Key to the Sale: Earning Boomers’ Trust

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Some producers have it, some don’t – the apparent ease with which they earn clients’ trust. But, like a lot of other things, how to earn trust with Boomers can be learned. You, too, can do it easily.

There are some basic rules to follow. If you follow them diligently, Boomers will find it easier to trust you, and then you will find yourself more comfortable with them.

The Four Components of Trust

  • Credibility. Credible means you can use your knowledge and abilities for the Boomer’s situation in the person’s interest. It’s as if the client was saying “You have to show me you’re credible by demonstrating the connection between your knowledge and my needs. Simply telling me about your capabilities doesn’t do it.” Too many producers try to impress clients by speaking endlessly about how much they know and what they have done.

TIP: Words don’t make you credible. Boomers have too much experience as consumers to believe what salespeople say. Insight into the client’s situation produces credibility.

  • Reliability. You need to do what you say you’re going to do. Every time. Getting things done wrong, late or not at all makes you unreliable. Who trusts someone who is unreliable?
  • Emotional Connection. You have to have it. Not all the time, possibly not even most of the time. But periodically the client has to see you as a human person not a salesperson. People in general and Boomers in particular don’t trust salespeople. As long as the client regards you as only a salesperson, you will not be trusted. It’s only when he or she comes to regard you as another human being that trust can be established. Coming to see you as a human being means finding the emotional spark that connects real people.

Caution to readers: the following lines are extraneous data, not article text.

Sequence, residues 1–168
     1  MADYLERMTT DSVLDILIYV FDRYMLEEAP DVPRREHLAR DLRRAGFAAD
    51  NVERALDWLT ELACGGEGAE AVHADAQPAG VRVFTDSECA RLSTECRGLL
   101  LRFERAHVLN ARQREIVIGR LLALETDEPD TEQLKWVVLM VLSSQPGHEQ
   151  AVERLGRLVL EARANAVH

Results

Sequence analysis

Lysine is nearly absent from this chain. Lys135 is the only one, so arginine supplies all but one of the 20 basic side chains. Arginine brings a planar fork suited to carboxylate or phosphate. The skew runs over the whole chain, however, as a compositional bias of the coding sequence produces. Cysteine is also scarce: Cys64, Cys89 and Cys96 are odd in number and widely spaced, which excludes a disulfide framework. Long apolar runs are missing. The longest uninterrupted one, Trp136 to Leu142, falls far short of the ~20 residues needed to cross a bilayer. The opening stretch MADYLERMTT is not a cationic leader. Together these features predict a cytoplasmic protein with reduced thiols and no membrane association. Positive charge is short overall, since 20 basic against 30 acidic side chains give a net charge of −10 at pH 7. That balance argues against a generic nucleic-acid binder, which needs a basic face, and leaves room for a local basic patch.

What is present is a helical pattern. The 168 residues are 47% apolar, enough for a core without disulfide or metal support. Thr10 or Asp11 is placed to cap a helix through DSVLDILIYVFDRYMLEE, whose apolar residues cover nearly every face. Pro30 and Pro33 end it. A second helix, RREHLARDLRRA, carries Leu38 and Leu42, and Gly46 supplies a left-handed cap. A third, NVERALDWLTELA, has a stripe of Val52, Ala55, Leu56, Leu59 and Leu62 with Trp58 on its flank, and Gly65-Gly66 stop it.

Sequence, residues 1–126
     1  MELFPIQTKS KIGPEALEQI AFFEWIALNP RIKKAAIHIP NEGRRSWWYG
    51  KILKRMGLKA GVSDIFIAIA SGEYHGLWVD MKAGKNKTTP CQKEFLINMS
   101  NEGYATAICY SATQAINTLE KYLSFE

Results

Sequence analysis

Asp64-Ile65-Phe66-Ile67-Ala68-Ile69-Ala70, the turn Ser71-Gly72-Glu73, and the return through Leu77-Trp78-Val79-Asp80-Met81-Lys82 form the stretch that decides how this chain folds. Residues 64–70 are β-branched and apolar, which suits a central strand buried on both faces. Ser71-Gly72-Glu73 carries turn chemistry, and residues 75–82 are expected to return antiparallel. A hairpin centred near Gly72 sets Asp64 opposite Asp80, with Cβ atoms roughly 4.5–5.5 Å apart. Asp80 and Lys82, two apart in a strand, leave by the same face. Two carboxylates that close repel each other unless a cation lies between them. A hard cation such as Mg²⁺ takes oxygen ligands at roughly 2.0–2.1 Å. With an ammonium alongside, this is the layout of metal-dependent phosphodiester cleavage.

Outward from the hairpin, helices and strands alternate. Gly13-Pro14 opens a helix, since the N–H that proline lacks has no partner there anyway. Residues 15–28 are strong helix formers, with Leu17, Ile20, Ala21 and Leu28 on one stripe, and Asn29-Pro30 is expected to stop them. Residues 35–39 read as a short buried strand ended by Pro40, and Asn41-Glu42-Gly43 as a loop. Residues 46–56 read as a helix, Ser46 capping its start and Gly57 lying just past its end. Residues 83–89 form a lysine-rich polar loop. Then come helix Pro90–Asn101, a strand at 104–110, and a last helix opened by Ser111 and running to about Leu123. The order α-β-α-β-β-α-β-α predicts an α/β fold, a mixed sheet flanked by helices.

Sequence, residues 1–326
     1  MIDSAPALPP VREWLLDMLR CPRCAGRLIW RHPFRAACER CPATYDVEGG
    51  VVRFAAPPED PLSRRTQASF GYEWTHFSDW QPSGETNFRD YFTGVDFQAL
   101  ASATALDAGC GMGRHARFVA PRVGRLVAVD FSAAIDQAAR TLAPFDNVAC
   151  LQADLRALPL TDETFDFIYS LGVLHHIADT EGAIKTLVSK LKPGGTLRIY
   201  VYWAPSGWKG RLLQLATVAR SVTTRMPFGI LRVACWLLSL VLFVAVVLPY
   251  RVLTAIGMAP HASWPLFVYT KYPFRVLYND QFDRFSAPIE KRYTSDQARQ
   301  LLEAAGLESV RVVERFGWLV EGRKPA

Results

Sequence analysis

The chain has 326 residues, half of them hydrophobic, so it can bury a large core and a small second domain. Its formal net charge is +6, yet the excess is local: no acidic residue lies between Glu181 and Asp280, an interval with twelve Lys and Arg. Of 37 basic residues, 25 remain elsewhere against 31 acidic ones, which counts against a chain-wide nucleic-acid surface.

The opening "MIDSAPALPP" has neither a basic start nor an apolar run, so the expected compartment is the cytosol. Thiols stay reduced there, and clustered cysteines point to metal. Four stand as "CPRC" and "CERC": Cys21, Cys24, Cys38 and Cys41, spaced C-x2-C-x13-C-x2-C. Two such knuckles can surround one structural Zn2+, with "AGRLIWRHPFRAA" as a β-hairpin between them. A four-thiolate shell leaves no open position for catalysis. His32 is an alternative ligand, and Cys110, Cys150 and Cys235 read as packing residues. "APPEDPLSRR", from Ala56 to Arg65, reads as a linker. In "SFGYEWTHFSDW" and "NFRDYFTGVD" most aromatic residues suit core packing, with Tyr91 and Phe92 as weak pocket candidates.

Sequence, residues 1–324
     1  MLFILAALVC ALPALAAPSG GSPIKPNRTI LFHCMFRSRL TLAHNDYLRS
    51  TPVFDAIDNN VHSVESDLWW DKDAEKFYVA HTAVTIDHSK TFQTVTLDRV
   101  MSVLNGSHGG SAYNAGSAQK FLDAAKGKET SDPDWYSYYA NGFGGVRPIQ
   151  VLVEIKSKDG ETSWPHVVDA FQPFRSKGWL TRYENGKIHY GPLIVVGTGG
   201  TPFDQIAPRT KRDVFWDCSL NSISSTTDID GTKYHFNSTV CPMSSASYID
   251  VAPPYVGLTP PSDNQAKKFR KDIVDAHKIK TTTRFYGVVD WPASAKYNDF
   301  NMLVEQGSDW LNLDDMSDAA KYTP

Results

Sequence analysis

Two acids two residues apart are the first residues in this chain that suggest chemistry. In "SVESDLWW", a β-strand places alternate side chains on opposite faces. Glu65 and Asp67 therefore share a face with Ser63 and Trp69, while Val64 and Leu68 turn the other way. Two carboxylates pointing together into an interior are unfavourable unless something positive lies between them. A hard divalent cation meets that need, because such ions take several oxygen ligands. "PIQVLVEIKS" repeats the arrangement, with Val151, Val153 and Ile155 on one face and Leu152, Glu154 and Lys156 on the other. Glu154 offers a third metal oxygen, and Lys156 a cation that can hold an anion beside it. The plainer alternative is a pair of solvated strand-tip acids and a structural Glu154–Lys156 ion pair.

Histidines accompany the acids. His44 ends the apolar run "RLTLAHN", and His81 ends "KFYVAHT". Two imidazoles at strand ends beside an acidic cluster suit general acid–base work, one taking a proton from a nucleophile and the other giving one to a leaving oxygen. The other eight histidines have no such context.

• Focus on the Boomer Client, not Yourself. It’s sometimes called doing what is right for the client. However, it’s much more than that. It’s thinking of the client’s needs ahead of your own, both in terms of the sale itself and in terms of the time you spend with him or her. If all you’re looking for is a commission, you aren’t putting the client’s needs first. If your meeting with the client is about moving him towards a sale, rather than finding out his needs, you aren’t focusing on him. If your conversation with the client is designed to make you feel good rather than make him feel good you’re focusing on your needs, not his.

Avoid Doing Things that Lead to Distrust.

Sounds simple but it goes against our natural instincts. We do things that lead to distrust because of habit and because they make us feel comfortable.

Talking too much is the best example. As a salesperson, you want to score points; make the client feel good about you; show you are knowledgeable. Really what you want is to overcome your own insecurities and get on with the action. None of which is helpful in building trust because you’re focusing on your goals rather than the client’s goals.

TIP: You can’t listen and talk at the same time. Listening – really listening – is at the heart of earning Boomers’ trust. They have to believe that you hear them emotionally as well as factually.

In the typical situation, a client will begin to describe a problem and, because you’re experienced, you believe you know exactly where he is going with the rest of the story. So, you interrupt and impress him with your knowledge of his situation, even before he completes telling you about it. There are three things wrong with your response:

  • We’re talking about Boomers here. By this point, you’ve learned that they’re highly individualistic. What you believe is the point of the client’s story may not be that at all. All your interruption has done is to demonstrate you don’t understand the client’s needs.
  • Interrupting demonstrates you aren’t really listening. You’re hearing what you want to hear.
  • By providing answers before the client completes his story you’re telling him you want to treat the problem generically rather than individually. Boomers want to be treated as unique individuals. For them, it is all about “me.” Your response indicates that it’s all about you.